Performance Reliability and Durability of Future High-Power Pulser- Switch Components for the Electric Gun

Report No. ARL-TR-1900
Authors: Hubbard, C. W.; Cole, M. W.; Demaree, J. D.; Fountzoulas, C. G.; Harris, D.
Date/Pages: March 1999; 20 pages
Note: Prepared in colaboration with John Hopkins Univ., Baltimore, MD., and National Aeronautics and Space Administration, Lewis Research Center, Cleveland, OH.
Abstract: This study developed and performed laboratory experiments that mimic the acute thermal cycling inflicted on device structures during high-power switching for use in future electromagnetic (EM)-gun systems. Ni contacts to n- SiC were the device components selected for cyclic thermal testing. Modifications of the Ni-SiC materials properties in response to cyclic thermal fatigue were quantitatively assessed via Rutherford backscattering spectrometry (RBS), scanning electron microscopy (SEM), atomic force microscopy (AFM), surface profilometry, transmission electron microscopy (TEM), and nanoindentation testing. Decreases in nanohardness, elastic modulus and surface roughness were observed in response to thermal fatigue. No compositional modifications were observed at the metal-semiconductor interface. Our results demonstrated that the majority of the material changes were initiated after the first thermal pulse and that the effects of subsequent thermal cycling (up to 10 pulses) were negligible. The stability of the metal-semiconductor interface after exposure to repeated pulsed thermal cycling lends support for the utilization of Ni as a contact metallization for high-power pulsed-switching applications.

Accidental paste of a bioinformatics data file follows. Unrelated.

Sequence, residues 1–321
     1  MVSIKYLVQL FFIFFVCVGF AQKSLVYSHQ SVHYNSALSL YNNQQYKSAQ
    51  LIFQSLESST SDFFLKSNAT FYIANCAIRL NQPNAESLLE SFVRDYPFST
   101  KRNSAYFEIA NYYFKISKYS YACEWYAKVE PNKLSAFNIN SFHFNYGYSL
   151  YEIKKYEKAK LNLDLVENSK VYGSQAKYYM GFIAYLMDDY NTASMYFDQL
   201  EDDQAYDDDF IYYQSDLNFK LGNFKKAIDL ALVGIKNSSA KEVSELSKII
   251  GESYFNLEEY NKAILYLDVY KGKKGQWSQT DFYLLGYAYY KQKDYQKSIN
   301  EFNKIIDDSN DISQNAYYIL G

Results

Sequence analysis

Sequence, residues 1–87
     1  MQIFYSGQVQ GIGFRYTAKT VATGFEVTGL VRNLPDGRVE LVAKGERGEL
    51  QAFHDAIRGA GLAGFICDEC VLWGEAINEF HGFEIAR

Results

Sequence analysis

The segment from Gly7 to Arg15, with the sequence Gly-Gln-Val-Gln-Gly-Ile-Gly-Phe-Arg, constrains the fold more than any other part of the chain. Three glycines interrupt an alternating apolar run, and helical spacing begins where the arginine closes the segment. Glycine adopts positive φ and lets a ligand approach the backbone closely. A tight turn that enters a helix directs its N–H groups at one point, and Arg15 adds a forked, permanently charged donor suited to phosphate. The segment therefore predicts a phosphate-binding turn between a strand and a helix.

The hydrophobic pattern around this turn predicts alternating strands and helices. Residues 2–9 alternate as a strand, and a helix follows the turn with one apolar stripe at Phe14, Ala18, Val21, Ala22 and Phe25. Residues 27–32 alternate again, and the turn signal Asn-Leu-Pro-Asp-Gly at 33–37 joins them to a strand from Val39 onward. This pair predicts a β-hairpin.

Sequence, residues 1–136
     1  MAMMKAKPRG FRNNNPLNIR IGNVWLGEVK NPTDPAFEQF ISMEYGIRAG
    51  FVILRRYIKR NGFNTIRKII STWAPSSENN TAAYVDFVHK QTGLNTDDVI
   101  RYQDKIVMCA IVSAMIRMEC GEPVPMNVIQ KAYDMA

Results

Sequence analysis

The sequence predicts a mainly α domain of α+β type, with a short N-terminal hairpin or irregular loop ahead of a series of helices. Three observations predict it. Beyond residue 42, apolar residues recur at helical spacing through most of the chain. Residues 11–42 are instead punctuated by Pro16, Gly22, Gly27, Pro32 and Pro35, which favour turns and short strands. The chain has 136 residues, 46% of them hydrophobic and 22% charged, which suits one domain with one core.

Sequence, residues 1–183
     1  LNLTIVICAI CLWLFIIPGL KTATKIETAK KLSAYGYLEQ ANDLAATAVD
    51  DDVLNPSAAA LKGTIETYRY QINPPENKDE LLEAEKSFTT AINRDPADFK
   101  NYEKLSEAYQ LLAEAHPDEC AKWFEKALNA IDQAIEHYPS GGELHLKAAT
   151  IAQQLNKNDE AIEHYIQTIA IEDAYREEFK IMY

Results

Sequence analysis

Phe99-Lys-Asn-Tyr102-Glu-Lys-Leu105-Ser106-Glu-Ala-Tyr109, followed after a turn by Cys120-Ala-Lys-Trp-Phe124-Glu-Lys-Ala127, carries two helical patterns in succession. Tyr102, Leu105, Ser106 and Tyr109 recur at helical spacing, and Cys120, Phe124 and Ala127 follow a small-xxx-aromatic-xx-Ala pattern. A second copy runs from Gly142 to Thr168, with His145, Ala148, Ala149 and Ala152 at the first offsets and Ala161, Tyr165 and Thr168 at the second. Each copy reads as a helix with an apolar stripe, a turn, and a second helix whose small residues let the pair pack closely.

Distribution: Approved for public release
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Last Update / Reviewed: March 1, 1999